MORE than 2,700 workers were retrenched in 2020 compared to 1,528 people let go in 2019, the Central Bank said yesterday.
In its annual economic survey for 2020, the bank said the data on retrenchment notices filed at the Ministry of Labour counted 2,744 retrenchments for last year.
The finance, insurance, real estate and other business services served the most notices, with 879 people getting sent home.
Distribution, restaurants and hotels also let go 527 people, while the manufacturing sector lost 562 people.
The Central Bank indicated that the number of job advertisements published in the print media declined by 41.0 per cent during 2020.
“Labour market slack was also evident by fewer man-hours worked during the first three quarters of 2020. The Index of Hours Worked, inclusive of both the energy and non-energy sectors, declined by 2.5 per cent year-on-year over the period,” the survey said.
It noted that since the onset of the first confirmed positive case of Covid-19 on March 12, 2020 and the Government’s continued measures to curb the spread of the virus, the energy, manufacturing, construction, transportation and other business services (hospitality, entertainment, and tourism) sectors were hardest hit by these public health restrictions.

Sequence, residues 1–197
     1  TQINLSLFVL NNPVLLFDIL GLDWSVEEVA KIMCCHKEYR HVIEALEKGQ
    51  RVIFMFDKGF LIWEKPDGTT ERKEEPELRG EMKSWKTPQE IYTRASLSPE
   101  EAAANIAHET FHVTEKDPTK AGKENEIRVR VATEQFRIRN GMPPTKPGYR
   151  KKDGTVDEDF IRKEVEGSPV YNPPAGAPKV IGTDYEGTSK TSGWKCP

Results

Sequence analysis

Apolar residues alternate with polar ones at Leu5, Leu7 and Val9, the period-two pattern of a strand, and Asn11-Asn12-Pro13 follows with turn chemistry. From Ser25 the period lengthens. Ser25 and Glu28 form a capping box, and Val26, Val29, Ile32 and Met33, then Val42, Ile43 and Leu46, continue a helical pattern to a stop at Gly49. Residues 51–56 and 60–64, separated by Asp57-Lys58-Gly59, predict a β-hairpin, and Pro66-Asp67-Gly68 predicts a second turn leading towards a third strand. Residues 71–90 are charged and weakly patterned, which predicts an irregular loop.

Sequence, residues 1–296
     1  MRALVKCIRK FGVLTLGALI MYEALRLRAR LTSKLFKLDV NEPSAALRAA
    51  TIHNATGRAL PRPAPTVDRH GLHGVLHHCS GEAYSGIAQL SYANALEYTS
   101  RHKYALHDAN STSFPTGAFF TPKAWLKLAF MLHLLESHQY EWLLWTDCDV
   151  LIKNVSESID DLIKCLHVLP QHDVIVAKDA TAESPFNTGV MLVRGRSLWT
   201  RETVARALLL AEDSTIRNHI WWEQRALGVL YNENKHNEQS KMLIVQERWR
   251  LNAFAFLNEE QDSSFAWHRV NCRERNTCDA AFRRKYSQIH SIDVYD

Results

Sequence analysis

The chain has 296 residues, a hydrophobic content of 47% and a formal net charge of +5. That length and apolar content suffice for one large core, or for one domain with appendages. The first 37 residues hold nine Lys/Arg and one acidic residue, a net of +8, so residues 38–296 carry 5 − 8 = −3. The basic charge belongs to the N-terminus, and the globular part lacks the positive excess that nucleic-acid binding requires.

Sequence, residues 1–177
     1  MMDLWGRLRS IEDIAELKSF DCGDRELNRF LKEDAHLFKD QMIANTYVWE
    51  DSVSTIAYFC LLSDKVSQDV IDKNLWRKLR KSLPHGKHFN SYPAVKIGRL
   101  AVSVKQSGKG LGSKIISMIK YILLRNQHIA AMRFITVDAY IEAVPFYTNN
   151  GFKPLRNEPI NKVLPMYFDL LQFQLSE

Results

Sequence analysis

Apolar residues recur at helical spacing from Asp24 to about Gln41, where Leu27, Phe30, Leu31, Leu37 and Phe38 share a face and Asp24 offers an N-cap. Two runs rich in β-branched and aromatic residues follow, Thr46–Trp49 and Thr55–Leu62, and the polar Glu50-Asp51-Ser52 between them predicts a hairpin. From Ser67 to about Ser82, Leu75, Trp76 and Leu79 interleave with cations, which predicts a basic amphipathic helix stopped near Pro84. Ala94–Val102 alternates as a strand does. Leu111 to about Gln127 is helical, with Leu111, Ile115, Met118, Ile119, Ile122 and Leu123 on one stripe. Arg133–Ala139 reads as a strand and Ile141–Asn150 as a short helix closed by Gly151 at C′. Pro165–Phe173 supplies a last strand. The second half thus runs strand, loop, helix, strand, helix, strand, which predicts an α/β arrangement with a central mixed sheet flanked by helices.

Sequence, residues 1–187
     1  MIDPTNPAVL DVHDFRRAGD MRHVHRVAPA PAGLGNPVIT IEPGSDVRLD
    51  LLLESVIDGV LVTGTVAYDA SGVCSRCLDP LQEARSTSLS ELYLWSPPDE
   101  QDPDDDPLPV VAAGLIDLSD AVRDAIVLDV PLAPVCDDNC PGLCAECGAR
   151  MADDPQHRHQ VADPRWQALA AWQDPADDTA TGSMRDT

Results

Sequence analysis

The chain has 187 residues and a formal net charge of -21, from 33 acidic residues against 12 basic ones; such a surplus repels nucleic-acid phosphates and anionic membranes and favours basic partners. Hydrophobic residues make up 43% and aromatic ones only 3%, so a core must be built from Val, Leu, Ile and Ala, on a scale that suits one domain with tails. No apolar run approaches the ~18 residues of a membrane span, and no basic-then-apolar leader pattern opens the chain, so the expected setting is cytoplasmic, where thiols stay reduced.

The Energy Commodity Price Index fell to an average of 61.4 in 2020 representing an overall decline of 26.2 per cent.
This was attributed to the ongoing pandemic which was the main driving force behind sharp fall-offs in crude oil and natural gas prices, which in turn were transmitted further downstream to other commodities, the Bank noted.
Natural gas prices also declined last year on account of increased shale gas supply and a downturn in demand in light of the pandemic.
“Natural gas prices averaged US$2.21 per million British Thermal Units (mmbtu) over the course of the year, compared with US$2.40 per mmbtu in 2019,” the bank said.
Public sector debt
Gross public sector debt outstanding as at the end of September 2020 amounted to $133.4 billion, compared to $121.0 billion recorded at end-September 2019, the survey indicated.
The bank noted that during 2020, the public sector depended heavily on domestic and external sources of funds for budgetary support and refinancing.
Also, Government domestic debt, excluding sterilised securities, increased to $56.5 billion in September 2020 from $47 billion in September 2019 and under the Development Loans Act, Government borrowed $8.8 billion for budgetary support and refinancing, a $2.5 billion increase over the financial year of 2018/19.
Food inflation measured 2.8 per cent in 2020 compared to 0.6 per cent in 2019 and this was predominantly driven by increased international food prices and supply disruptions brought about by lockdown measures associated with the Covid-19 pandemic, the Bank stated.